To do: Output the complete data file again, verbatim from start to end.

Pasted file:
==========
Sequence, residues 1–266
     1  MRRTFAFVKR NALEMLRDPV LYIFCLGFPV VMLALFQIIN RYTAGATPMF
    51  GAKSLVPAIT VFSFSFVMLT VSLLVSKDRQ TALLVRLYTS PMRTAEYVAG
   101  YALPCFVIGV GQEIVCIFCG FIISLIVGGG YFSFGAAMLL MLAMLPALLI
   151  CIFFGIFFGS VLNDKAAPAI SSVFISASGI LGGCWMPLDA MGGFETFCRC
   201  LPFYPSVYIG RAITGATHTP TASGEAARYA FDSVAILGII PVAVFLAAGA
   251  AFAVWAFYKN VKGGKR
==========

Sequence, residues 1–266
     1  MRRTFAFVKR NALEMLRDPV LYIFCLGFPV VMLALFQIIN RYTAGATPMF
    51  GAKSLVPAIT VFSFSFVMLT VSLLVSKDRQ TALLVRLYTS PMRTAEYVAG
   101  YALPCFVIGV GQEIVCIFCG FIISLIVGGG YFSFGAAMLL MLAMLPALLI
   151  CIFFGIFFGS VLNDKAAPAI SSVFISASGI LGGCWMPLDA MGGFETFCRC
   201  LPFYPSVYIG RAITGATHTP TASGEAARYA FDSVAILGII PVAVFLAAGA
   251  AFAVWAFYKN VKGGKR